This reaction was possibly to Gautam Gambhir’s silly comment that he dedicated the Indian victory to Mumbai 26/11. This meant terrorism, which meant Lashkar e Tayyaba which ultimately meant Hafeez Saeed. This was not going to be acceptable to some in Pakistan
So why is this a “silly” comment? Is it “silly” because we as Indians are not supposed to refer to terrorism directed at us? Is it “silly” to let a tragedy on innocents affect a sportsman so personally that he refers to it in the moment of his greatest triumph? The fact that referring to a human tragedy like 26/11 could be taken as provocation by those who financed it is, for the want of a better word, laughable.
Let us assume that Gambhir said something more “aggressive” namely that replying to 26/11 was an inspiration for his performance. I do not know if he said it but some people on Twitter hinted that was the gist of his statements. I find nothing objectionable in that also. No serious literary critic would ever interpret an author’s creations in a historical, sociological and political vacuum. Similarly to expect a sportsman to remove any historical context from his performances would be an exercise in futility.
On the biggest stages that can be thought of, in face of physical and mental exhaustion and the ever-present fear of failure, sportsmen draw on inner wells of strength to provide that killer performance. This may be anything—-the desire to overcome poverty or to become a millionaire, the urge to prove a point to those that have written him off, the ambition of attaining immortality in the record books or the junoon to be part of an ideal bigger and nobler than oneself. Gambhir was merely honest in saying what one of his inspirations had been. Just as had been Pakistani sporting greats, who now come as special guests on Indian shows, who in politically less correct previous decades had said they were inspired by ancient Islamic conquerors of India.
Nothing wrong in either case, since players are nothing but the product of their times. Like all artists.
Fischer vs Spassky. Miracle on Ice—USA vs Russia 1980. Sports/sportsmen and politics have always gone hand in hand. It’s a point I made in my previous post “Asha Aman Ki Aisi Ki Taisi” albeit in a flippant way. To expect politics to stay separate from sports, especially in an atmosphere that exists between Pakistan and India, is to exhibit a surprising level of ostrich-like naivete. So this is why I embrace with nothing but understanding amusement the “positive” coverage of India in Pakistani media—–Exhibit 1 (where a bunch of butchers cheerfully talk about imposing “violence” on the Indians of the types usually done to “goshts” with happy chomps of their machetes), Exhibit 2 (where a Pakistani pressman accuses Indian IT engineers of tampering with the DRS to let Sachin survive) and Exhibit 3 (where a cricket expert says that the final was fixed). Most of my amusement however is reserved for this massively forwarded article by Asha-Aman guys, a positive message from Pakistan, which now given Afridi’s rant, seems to read like a parody. What is interesting is that even here, in its first para (according to my understanding) it says that the match was lost more due to Misbah and Umar Gul’s bad luck and Sachin’s good fortune, without even once acknowledging the most important thing—- that India outplayed Pakistan on merit and not due to “luck”.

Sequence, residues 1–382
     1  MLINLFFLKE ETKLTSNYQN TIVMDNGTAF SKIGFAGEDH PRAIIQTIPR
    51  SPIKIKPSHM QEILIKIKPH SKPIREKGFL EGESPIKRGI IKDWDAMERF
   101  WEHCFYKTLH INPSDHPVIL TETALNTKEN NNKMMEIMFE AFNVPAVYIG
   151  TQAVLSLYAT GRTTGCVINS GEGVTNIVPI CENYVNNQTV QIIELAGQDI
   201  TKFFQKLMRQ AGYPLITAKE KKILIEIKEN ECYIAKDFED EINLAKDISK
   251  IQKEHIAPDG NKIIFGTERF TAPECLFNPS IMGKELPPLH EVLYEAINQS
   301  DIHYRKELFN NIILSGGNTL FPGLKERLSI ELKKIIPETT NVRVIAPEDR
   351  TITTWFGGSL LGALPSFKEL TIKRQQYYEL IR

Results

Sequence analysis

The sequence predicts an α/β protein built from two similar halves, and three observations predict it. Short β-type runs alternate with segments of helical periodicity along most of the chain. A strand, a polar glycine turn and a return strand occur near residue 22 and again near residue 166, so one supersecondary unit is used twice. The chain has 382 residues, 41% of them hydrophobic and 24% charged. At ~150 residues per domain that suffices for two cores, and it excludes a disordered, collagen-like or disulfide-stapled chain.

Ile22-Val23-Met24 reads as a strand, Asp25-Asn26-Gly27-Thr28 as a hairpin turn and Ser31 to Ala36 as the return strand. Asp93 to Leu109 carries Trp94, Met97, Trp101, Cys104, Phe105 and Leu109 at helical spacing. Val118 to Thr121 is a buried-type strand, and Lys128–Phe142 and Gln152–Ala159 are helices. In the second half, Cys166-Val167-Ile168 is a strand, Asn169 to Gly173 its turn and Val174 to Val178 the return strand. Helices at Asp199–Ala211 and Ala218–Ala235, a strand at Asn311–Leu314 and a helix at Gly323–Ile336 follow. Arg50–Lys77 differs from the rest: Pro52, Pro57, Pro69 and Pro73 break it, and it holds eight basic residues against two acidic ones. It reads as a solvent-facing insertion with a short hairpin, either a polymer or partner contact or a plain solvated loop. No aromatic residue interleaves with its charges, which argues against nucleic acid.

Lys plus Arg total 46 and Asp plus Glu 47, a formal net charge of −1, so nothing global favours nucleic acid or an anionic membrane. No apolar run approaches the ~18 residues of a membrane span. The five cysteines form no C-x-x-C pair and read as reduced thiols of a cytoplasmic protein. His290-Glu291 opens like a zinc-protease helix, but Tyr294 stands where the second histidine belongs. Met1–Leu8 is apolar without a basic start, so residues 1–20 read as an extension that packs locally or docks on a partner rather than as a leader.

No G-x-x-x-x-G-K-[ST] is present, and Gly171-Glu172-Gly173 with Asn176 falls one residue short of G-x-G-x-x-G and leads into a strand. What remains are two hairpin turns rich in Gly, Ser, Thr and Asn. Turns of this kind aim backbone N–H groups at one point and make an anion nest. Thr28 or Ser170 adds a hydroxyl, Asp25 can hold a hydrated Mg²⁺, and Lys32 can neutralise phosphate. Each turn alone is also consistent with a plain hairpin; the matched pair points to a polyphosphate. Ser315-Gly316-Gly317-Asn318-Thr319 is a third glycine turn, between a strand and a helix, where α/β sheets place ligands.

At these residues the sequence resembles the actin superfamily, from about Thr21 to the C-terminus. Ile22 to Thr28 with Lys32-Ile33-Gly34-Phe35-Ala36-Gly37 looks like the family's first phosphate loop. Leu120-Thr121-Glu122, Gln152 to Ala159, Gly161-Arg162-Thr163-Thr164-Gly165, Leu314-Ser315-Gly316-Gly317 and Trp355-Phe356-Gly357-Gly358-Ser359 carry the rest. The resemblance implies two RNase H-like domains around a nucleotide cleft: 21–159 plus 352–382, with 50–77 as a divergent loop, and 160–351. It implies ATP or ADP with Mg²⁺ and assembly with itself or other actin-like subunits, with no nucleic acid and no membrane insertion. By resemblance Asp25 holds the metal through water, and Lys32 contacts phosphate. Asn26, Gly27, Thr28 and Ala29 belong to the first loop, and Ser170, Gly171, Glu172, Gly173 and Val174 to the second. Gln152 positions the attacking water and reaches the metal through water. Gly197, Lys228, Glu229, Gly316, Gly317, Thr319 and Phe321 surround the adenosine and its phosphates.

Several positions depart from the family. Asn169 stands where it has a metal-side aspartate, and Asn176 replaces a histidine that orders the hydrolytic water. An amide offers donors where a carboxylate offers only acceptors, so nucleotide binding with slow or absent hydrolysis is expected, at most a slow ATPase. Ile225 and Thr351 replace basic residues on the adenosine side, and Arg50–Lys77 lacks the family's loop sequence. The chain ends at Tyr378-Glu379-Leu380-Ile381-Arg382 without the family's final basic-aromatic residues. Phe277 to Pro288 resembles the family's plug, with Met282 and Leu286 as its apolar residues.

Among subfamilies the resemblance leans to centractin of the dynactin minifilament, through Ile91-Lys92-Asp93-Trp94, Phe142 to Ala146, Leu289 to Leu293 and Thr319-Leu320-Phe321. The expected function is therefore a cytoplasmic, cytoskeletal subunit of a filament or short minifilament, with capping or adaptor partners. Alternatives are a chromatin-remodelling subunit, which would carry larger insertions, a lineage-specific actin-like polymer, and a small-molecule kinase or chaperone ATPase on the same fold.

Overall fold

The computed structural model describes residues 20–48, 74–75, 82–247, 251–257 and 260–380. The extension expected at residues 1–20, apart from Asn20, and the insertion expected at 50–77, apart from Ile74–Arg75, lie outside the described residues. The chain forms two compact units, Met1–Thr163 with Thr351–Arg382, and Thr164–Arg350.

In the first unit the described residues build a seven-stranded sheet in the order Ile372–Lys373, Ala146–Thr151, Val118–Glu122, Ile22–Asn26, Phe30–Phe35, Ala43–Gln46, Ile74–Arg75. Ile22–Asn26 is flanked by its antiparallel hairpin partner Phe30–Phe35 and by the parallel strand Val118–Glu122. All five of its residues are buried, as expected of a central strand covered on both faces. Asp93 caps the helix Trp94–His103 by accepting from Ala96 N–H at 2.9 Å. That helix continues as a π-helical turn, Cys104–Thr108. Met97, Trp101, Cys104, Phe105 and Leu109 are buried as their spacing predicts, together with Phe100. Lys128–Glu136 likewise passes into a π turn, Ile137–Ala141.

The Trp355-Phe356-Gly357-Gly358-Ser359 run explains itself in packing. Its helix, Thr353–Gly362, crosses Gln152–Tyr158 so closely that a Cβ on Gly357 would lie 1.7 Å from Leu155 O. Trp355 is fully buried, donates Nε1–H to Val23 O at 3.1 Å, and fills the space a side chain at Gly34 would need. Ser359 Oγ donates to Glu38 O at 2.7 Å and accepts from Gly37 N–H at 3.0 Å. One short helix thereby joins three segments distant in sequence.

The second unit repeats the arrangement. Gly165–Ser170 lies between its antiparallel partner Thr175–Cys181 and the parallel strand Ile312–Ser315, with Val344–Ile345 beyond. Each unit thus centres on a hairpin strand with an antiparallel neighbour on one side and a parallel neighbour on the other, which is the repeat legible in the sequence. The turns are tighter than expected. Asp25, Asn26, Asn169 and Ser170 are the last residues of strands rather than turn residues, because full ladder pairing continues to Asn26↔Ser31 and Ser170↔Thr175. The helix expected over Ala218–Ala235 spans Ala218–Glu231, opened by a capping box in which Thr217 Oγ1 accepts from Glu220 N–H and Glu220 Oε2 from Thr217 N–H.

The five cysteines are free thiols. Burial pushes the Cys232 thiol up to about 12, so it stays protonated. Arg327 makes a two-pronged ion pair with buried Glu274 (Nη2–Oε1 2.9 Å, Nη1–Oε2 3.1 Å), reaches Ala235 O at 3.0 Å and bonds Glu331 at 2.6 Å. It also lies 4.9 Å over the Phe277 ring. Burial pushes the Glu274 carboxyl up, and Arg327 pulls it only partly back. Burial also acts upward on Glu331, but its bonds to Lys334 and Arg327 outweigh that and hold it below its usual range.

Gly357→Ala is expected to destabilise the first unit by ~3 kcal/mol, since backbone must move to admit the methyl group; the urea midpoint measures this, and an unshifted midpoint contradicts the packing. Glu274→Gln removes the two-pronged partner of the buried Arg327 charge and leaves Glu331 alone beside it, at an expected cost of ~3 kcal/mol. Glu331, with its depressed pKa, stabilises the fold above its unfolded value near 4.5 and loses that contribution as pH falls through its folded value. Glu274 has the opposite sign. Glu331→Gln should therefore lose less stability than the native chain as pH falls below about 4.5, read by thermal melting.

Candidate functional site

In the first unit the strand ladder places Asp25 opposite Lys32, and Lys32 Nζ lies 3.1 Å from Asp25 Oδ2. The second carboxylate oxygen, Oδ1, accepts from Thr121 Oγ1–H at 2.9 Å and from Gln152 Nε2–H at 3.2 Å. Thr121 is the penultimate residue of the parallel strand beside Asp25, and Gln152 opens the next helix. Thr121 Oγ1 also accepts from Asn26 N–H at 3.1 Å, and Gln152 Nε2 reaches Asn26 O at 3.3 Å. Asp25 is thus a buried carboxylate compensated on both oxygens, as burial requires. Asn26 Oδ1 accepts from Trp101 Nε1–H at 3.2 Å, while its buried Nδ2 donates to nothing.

And this refusal to accept defeat in sports as anything other than conspiracy or bad luck, I would say is a natural defense mechanism built in by nations to purge itself off the humiliation that is brought on by the political context of a sporting engagement, a context that cannot be just wished away.
Given the political atmosphere as it exists, sports will be affected. So will sportsmen. It’s not their fault.
Finally a personal message. To Mr. Gambhir. You sir have been one of my favorite players throughout the years—dependable, smart, not amazingly talented like Yuvi but always keenly aware of your limitations and playing by them. By remembering 26/11, a personal tragedy to many of us, you have only risen in our esteem.
People die when they stop breathing. Peoples die when they stop remembering.
Thank you. And not just for the Cup.